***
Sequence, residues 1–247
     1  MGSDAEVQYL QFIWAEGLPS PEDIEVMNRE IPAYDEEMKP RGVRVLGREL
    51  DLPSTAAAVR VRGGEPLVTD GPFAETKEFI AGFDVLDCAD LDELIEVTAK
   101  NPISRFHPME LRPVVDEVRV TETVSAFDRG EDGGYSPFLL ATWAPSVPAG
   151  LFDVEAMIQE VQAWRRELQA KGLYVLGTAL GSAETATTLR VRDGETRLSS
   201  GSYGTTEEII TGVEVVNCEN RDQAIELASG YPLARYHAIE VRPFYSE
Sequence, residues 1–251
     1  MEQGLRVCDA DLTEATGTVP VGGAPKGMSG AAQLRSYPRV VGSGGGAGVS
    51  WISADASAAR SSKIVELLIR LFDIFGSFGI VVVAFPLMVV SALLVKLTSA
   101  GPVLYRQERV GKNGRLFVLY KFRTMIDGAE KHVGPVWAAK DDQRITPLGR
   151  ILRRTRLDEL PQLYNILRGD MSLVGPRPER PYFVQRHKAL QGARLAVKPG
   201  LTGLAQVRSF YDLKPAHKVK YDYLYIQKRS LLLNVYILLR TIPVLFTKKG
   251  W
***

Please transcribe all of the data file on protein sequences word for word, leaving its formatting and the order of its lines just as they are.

Sequence, residues 1–247
     1  MGSDAEVQYL QFIWAEGLPS PEDIEVMNRE IPAYDEEMKP RGVRVLGREL
    51  DLPSTAAAVR VRGGEPLVTD GPFAETKEFI AGFDVLDCAD LDELIEVTAK
   101  NPISRFHPME LRPVVDEVRV TETVSAFDRG EDGGYSPFLL ATWAPSVPAG
   151  LFDVEAMIQE VQAWRRELQA KGLYVLGTAL GSAETATTLR VRDGETRLSS
   201  GSYGTTEEII TGVEVVNCEN RDQAIELASG YPLARYHAIE VRPFYSE
Sequence, residues 1–251
     1  MEQGLRVCDA DLTEATGTVP VGGAPKGMSG AAQLRSYPRV VGSGGGAGVS
    51  WISADASAAR SSKIVELLIR LFDIFGSFGI VVVAFPLMVV SALLVKLTSA
   101  GPVLYRQERV GKNGRLFVLY KFRTMIDGAE KHVGPVWAAK DDQRITPLGR
   151  ILRRTRLDEL PQLYNILRGD MSLVGPRPER PYFVQRHKAL QGARLAVKPG
   201  LTGLAQVRSF YDLKPAHKVK YDYLYIQKRS LLLNVYILLR TIPVLFTKKG
   251  W